Posted By bbinns on February 15, 2011When I was writing Joachim Splichal’s cookbook (Patina: Spuds, Truffles, and Wild Gnocchi), that highly-respected chef gave me a short, one-sentence piece of advice that permanently removed any fear of stirring. However, I know that, for home cooks, risotto ranks right up there with souffle in the “I can’t do it!” realm.
Here’s what Splichal told me, back when I was testing every incredibly-complex, restaurant-style recipe for his book in a home kitchen (with home-style skills and ingredients, natch): “Brigie, risotto must take eighteen minutes, from start to finish.” Period. End class, end fear of risotto. (For the full effect, imagine this being uttered in a deep and guttural German accent.)
To clarify, the eighteen minutes in question begins when you add the rice and ends when you remove the pan from the heat, and stir in the enrichment (butter, cheese), if any. So, when I decided to include a seafood-and-cured pork risotto in my upcoming book about cooking in California’s Central Coast wine country, the timing was never in question. Whenever I set out to develop a recipe (twenty-four cookbooks published, and counting), my first question is: How is this different, better, more finely focussed, than anything I’ve done before? What job do I want this dish to perform, what role will it take—value will it add—to the menu, or the recipe collection, of the buyer of this book?I must have been channeling travels and tables in Italy when I came up with this combo: Scallop, Smoky Bacon, and Red Wine Risotto. (I’ve discovered that starches—whether it’s pasta, rice, or even farro—ratchet up several orders of magnitude in flavor when simmered with some red wine, instead of just broth or water.)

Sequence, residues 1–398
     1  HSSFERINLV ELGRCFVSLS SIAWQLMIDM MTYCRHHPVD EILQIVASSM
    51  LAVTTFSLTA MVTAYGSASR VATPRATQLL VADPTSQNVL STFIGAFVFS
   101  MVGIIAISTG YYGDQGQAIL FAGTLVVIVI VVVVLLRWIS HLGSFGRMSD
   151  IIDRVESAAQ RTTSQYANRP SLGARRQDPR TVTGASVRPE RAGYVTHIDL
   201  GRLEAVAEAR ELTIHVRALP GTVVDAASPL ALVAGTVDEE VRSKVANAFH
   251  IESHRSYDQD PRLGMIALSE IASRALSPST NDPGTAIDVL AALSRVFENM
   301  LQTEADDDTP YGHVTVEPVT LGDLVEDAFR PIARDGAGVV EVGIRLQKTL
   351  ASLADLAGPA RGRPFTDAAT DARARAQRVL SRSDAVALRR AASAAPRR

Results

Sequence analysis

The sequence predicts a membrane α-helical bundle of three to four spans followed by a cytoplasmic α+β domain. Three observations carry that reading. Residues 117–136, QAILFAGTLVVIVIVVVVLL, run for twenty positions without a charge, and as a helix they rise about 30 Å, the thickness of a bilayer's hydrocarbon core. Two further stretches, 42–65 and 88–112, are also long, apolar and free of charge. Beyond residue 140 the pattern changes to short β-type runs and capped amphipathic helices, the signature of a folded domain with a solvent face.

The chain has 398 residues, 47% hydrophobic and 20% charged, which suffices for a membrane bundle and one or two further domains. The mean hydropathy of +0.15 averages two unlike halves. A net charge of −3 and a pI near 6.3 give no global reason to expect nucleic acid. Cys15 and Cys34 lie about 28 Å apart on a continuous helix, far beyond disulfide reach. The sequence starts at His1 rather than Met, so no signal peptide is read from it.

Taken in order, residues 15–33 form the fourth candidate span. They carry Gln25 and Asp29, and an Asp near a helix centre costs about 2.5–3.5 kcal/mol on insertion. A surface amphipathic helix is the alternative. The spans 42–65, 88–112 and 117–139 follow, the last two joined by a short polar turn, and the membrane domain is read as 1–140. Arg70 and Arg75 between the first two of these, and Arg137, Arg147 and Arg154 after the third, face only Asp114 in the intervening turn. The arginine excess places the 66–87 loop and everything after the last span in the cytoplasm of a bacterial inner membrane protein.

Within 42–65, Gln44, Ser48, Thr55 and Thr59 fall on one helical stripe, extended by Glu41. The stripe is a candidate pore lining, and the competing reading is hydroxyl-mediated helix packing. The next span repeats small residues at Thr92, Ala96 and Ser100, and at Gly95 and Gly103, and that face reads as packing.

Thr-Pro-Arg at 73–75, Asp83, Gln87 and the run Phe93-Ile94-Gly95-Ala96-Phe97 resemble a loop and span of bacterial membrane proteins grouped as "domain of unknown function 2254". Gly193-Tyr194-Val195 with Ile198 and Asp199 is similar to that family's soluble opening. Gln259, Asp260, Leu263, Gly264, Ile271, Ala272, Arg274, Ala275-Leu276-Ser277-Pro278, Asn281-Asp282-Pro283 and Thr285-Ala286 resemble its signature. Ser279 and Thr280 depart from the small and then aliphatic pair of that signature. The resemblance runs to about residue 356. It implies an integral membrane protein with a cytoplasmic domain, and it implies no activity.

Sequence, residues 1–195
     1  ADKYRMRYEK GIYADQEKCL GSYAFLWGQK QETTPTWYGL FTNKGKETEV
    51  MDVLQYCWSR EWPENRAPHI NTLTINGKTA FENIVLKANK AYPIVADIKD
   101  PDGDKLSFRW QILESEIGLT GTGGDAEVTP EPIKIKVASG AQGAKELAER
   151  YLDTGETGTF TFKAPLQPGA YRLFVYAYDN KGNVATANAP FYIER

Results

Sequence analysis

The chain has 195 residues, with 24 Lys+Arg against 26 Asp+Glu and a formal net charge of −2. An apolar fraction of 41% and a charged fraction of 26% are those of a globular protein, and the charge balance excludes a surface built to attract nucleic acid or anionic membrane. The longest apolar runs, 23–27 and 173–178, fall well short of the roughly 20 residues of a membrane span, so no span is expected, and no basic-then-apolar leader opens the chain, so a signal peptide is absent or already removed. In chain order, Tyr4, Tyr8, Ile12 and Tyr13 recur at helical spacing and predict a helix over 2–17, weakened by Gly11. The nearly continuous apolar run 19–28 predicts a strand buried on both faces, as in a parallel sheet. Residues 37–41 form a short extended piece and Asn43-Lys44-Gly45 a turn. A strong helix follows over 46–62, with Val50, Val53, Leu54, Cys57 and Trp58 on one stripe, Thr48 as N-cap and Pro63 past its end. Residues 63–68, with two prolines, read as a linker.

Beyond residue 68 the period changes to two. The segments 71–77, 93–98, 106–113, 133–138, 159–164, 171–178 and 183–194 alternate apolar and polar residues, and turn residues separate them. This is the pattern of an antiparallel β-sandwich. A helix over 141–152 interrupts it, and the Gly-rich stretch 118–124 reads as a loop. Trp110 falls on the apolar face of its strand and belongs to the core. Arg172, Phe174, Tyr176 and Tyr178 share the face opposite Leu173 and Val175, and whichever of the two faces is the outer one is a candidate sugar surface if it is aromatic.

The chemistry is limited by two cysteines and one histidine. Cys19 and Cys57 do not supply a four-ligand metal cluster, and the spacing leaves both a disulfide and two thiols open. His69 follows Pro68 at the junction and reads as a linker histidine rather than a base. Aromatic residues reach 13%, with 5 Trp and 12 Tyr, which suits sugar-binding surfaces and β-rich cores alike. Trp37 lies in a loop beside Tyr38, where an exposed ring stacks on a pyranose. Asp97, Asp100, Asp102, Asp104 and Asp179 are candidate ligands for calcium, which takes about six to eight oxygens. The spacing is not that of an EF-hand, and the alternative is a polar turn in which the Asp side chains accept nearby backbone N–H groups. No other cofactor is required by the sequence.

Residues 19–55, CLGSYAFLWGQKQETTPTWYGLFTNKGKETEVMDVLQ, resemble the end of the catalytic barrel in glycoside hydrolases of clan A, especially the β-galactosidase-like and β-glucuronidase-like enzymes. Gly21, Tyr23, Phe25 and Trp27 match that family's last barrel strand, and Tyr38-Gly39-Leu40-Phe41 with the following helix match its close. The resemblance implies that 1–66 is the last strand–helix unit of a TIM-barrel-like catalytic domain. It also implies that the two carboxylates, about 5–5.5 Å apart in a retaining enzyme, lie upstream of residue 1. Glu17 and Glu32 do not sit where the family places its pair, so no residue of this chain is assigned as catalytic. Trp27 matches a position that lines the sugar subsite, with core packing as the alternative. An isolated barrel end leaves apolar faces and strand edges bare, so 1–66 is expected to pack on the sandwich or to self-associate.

No need for big, pricey, diver-caught scallops here—I want them bite sized and happily mingling with the plump, wine-swollen grains of Arborio—so little bay scallops are fine. For my cured-pork content, I wanted more than just any old bacon, so I sourced dark and smoky slices from the excellent New Frontiers market in SLO (San Luis Obispo). With all ingredients measured and assembled, I was ready to begin.
A little olive oil in the pan—about a tablespoon—helped begin the rendering process for the bacon, and smoothed the arrival of the next party-goer: red onion. Then came the scallops—but only for a minute or two—then I scooped everything out with a slotted spoon, leaving behind the smoky fat. In went the rice and on went my mental timer: 1:36 on a sunny Paso Robles Sunday afternoon.I stir to coat the grains with smoky fat and begin a slight caramelization; when the rice starts to sizzle, in goes 2 cups of ’08 Zuma Vista, an earthy Syrah/Grenche blend made in Malibu by good friends. When most of the wine is absorbed, I commence adding my warm chicken broth. All the while, I regulate the heat so the liquid simmers excitedly but not explosively, keeping my eye on the clock and gauging my progress so that, when 1:54 pops up, I’m ready to return the scallop/bacon mixture to the pan, then pull it off the heat and stir in my enrichment (1 1/4 cups of grated Grana Padana) and my bright note (3/4 cup chopped baby arugula).
The reward for my efforts? A rich-bright-savory-smoky mound of seafood-flecked, wine-purple goodness. Happy faces, empty plates, and a truly estimable wine for quaffing with our wine-country lunch. Not to mention, another recipe for my next book that will enrich cook’s lives from Seattle to Sasketchewan. A recipe I can be proud of. I’d offer nothing less.